Will contain CAD below USD 70 billion: Chidambaram

Will contain CAD below USD 70 billion: Chidambaram

Asserting that the government has the capacity to overcome "this period of stress", Union Finance Minister Chidambaram today said the current account deficit will be contained below USD 70 billion this fiscal.

"Last year I was told by pundits, analysts and rating agencies and all the wise people who appear on televisions every day that we cannot contain the fiscal deficit.

"I'm happy that we were able to surprise them; ....We are told that the government cannot contain the current account deficit, I said last year we had the deficit of USD 88 billion, this year I'm betting at USD 70 billion, and I will contain it below 70 billion," he said at a State Bank of Mysore event here.

"Let me tell you, I will surprise them once again, we will contain it below USD 70 billion. I say this because we have intellectual capacity among our senior economists and administrators, we have the institutional capacity and above all we have our people who give us the confidence to overcome stress," he said.

Stating that "Our people save and that is a biggest asset to us", Chidambaram said, "people of India save like no other people anywhere in the world, in worst of times our savings ratio did not go below 30 per cent."

"If those savings are channelised into productive investment and if we create a climate where people can take risk, I have no doubt in my mind that we will be able to get over this period of stress."

Asking people to be confident, he said "this year our growth will be better than last year, and next year we should move to a growth close to between 6-7 per cent and in the year after that we must discover our true potential growth rate of 8 per cent."

Answering a question about his confidence in controlling the CAD, he said "The confidence comes from my knowledge of the numbers, from the fact that gold imports have sharply compressed in the month of July, August and September, exports have picked up briskly and smartly."

"Only yesterday the Governor (of RBI) said he has got USD 5.6 billion of FCNRB accounts, so I'm confident and I want you to share my confidence," he added.

While stating that people were facing the burden of high prices, Chidambaram said, "We don't fix the price of crude oil, it is fixed by someone else- we have to import most of it as per requirement. There is also burden of inflation- as international commodity price rise..."

"... There could be inflation, I know you bear burdens, but even while you bear the burdens I want you to reflect that certainly India today is much larger economy than what it was 10 years ago, what it was in 1991."

"....We don't make these crises, these crises are made elsewhere. We have to deal with the consequences of this crisis," he said.

He said the country has dealt with it in the past and that the situation today is no worse than what it was in 1991 or 1997 or 2008.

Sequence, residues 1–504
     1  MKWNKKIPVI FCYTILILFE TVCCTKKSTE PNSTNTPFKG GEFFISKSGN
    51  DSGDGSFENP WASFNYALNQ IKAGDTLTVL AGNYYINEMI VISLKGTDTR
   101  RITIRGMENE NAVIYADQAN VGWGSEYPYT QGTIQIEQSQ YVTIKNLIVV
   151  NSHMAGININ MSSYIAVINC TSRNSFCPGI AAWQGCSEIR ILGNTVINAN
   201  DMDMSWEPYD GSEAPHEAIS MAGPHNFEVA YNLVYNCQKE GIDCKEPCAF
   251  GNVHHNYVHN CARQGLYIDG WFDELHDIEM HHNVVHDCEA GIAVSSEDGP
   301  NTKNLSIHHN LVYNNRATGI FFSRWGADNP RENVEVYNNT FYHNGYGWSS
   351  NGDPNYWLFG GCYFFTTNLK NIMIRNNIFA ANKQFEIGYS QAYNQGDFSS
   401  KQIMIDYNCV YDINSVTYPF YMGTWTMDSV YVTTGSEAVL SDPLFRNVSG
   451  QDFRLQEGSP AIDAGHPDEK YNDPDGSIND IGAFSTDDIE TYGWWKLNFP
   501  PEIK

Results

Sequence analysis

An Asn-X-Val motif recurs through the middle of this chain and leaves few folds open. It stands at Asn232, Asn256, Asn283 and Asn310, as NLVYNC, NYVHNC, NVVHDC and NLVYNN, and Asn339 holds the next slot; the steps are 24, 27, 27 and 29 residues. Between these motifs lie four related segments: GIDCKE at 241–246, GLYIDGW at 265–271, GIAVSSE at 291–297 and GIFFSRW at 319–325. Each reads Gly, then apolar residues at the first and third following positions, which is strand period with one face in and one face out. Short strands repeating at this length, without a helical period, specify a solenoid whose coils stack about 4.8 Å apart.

"We will get through this period of stress by emphasising on the fundamentals of the economy and doing the basic right things."

"We have to take the steps one by one- contain inflation, provide credit to sectors that require credit, unblock the stalled projects- get them growing, see to it that investment takes place, production and supply increase to meet the demand, and bring more and more people into the system," he said.

The Finance Minister also asked the banks not to be a clone of another bank. "We don't want clones, each bank must have its own culture, its own philosophy and should serve people in its own way."

"Reserve Bank will shortly issue licences to few more banks. I'm happy that the Governor has spoken about differentiated banks. We don't want more clones- we want each one of them to cater to the needs of special group of customers who don't have banking today," he said.

Chidambaram said there would there be competition, efficiency and progress if people attempt different things and do things differently.

"I sincerely hope that when the RBI grants new licences, they will underline the fact that each licence is different from the other and each bank that is coming into being will be different from the banks that we have today."

He said: "for long time we have harboured the myth that banks are meant to provide money to rich people and to corporate; ....nowhere in the world do corporate's come to the banks for working capital, it's only in India where large corporates come to a bank for working capital and banks lend them money."

"A corporate should go to market to get working capital. Banks are meant to serve largely poor and middle class. Individual customer needs bank more than a corporate," he said.

Stating that the poor in India are bankable, honest and good borrowers, the Finance Minister said, "I'm happy to say in comparison to the rich, the poorer India repay loans much better." "I would urge banks to shift the focus towards poor and the middle class, so that corporates are forced to go to the market- that is where they should go."

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